Reduced power consumption has become of key importance in memory system design—from mobile to enterprise-class applications. In addition to clocking power and DRAM core access power, IO signaling power must be addressed in order to reduce the total power consumption of the memory system. Near ground signaling is a single-ended, ground-terminated technology theat enables high data rates at greatly reduced IO signaling power while reducing design complexity by supporting significantly reduced signal swings of 500 millivolts (mV) and below.

  • Supports high-speed operation with reduced IO signaling power
  • Improved signal integrity
  • Reduced design complexity
  • Eliminates the need for thick-oxide transistors on memory controller
  • Reduced voltage is better matched to advanced processes

What is Near Ground Signaling Technology?

Near Ground Signaling versus SSTL-1.5

Near Ground Signaling versus SSTL-1.5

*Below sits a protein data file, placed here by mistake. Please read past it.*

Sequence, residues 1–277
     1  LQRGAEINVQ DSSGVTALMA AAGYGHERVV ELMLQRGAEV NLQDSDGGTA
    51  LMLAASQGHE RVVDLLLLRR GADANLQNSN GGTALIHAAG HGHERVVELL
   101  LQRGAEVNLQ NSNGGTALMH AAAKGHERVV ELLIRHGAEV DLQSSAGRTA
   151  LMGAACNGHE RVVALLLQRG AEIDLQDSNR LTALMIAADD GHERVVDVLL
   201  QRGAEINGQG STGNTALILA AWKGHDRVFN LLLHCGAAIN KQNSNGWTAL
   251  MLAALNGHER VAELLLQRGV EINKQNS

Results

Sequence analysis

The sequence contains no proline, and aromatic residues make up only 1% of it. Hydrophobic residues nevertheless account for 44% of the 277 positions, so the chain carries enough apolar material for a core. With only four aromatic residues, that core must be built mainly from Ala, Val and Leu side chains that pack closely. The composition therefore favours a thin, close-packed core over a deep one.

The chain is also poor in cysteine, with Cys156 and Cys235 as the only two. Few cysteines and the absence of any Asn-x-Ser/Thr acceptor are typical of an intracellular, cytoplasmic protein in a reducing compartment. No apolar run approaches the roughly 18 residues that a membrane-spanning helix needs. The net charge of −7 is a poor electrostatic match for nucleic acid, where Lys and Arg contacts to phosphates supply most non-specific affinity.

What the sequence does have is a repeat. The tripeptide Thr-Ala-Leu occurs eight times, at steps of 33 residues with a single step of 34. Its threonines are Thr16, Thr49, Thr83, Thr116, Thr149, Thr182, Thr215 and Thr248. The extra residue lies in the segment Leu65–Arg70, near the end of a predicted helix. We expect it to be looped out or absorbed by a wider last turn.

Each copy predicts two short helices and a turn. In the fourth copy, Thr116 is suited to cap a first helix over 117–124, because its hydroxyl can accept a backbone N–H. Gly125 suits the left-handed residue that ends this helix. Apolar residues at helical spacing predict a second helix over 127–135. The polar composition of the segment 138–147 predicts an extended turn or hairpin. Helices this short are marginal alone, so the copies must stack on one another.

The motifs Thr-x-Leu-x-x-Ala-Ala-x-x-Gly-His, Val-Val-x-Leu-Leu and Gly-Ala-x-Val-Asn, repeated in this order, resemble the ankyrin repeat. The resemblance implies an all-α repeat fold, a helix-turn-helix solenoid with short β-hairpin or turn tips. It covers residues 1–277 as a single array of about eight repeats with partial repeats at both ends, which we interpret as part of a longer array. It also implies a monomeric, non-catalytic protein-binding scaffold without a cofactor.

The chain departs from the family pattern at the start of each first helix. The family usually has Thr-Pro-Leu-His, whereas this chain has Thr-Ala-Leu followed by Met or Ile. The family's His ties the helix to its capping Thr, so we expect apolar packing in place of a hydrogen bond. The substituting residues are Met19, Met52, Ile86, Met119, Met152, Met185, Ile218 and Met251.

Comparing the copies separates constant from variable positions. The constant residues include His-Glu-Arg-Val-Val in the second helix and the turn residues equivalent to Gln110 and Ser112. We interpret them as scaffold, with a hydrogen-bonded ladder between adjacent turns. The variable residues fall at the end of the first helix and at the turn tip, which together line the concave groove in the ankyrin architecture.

Near Ground Signaling (NGS) is a single-ended, ground-terminated signaling technology that enables high data rates at significantly reduced Input Output (IO) signaling power and design complexity, while maintaining excellent signal integrity. With a VDDIO of 0.5V, Near Ground Signaling has a reduced signal swing compared to traditional Stub Series Terminated Logic (SSTL) signaling and lowers IO power on both the DRAM and controller.

This lower IO voltage is better matched to the operating voltage of advanced CPU’s and GPU’s and reduces the cost and complexity of integrating the memory controller on the processor chip.

Who Benefits?

Memory designers benefit from the reduced design complexity, lowering their integrated memory controller implementation costs. They are also able to achieve increased data rates at significantly reduces IO signaling power.

Commercial server managers and consumer end users benefit from the reduced cost of ownership and increased battery life for their end systems and devices.